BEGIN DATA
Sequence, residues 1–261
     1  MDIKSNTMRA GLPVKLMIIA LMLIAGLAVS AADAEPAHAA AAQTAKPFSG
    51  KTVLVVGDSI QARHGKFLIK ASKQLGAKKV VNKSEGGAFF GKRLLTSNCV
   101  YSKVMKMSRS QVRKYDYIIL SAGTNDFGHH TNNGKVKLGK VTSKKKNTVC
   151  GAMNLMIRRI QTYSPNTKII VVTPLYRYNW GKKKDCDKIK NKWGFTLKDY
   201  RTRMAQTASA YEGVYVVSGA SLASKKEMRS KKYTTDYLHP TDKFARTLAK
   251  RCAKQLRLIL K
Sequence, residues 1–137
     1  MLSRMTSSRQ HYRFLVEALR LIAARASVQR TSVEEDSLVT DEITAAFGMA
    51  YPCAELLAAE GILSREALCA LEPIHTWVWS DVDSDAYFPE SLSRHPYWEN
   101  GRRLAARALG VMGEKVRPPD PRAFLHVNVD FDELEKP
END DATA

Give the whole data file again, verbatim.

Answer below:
Sequence, residues 1–261
     1  MDIKSNTMRA GLPVKLMIIA LMLIAGLAVS AADAEPAHAA AAQTAKPFSG
    51  KTVLVVGDSI QARHGKFLIK ASKQLGAKKV VNKSEGGAFF GKRLLTSNCV
   101  YSKVMKMSRS QVRKYDYIIL SAGTNDFGHH TNNGKVKLGK VTSKKKNTVC
   151  GAMNLMIRRI QTYSPNTKII VVTPLYRYNW GKKKDCDKIK NKWGFTLKDY
   201  RTRMAQTASA YEGVYVVSGA SLASKKEMRS KKYTTDYLHP TDKFARTLAK
   251  RCAKQLRLIL K
Sequence, residues 1–137
     1  MLSRMTSSRQ HYRFLVEALR LIAARASVQR TSVEEDSLVT DEITAAFGMA
    51  YPCAELLAAE GILSREALCA LEPIHTWVWS DVDSDAYFPE SLSRHPYWEN
   101  GRRLAARALG VMGEKVRPPD PRAFLHVNVD FDELEKP